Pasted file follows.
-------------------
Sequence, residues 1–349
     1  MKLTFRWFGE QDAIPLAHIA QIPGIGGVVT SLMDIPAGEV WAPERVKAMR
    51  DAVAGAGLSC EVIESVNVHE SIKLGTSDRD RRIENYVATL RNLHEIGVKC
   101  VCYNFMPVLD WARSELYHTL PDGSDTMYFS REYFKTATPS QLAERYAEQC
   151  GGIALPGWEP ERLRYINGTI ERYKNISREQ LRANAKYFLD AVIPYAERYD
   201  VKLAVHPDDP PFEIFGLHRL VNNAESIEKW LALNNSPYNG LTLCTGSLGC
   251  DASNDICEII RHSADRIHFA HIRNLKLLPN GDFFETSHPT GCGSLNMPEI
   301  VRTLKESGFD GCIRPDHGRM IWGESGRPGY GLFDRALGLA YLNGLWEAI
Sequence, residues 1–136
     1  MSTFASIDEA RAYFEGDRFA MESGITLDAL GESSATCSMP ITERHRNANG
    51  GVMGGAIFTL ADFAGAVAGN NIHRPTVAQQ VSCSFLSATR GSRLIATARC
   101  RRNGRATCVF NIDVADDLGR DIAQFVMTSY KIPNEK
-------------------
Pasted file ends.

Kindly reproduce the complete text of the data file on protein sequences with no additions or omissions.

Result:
Sequence, residues 1–349
     1  MKLTFRWFGE QDAIPLAHIA QIPGIGGVVT SLMDIPAGEV WAPERVKAMR
    51  DAVAGAGLSC EVIESVNVHE SIKLGTSDRD RRIENYVATL RNLHEIGVKC
   101  VCYNFMPVLD WARSELYHTL PDGSDTMYFS REYFKTATPS QLAERYAEQC
   151  GGIALPGWEP ERLRYINGTI ERYKNISREQ LRANAKYFLD AVIPYAERYD
   201  VKLAVHPDDP PFEIFGLHRL VNNAESIEKW LALNNSPYNG LTLCTGSLGC
   251  DASNDICEII RHSADRIHFA HIRNLKLLPN GDFFETSHPT GCGSLNMPEI
   301  VRTLKESGFD GCIRPDHGRM IWGESGRPGY GLFDRALGLA YLNGLWEAI
Sequence, residues 1–136
     1  MSTFASIDEA RAYFEGDRFA MESGITLDAL GESSATCSMP ITERHRNANG
    51  GVMGGAIFTL ADFAGAVAGN NIHRPTVAQQ VSCSFLSATR GSRLIATARC
   101  RRNGRATCVF NIDVADDLGR DIAQFVMTSY KIPNEK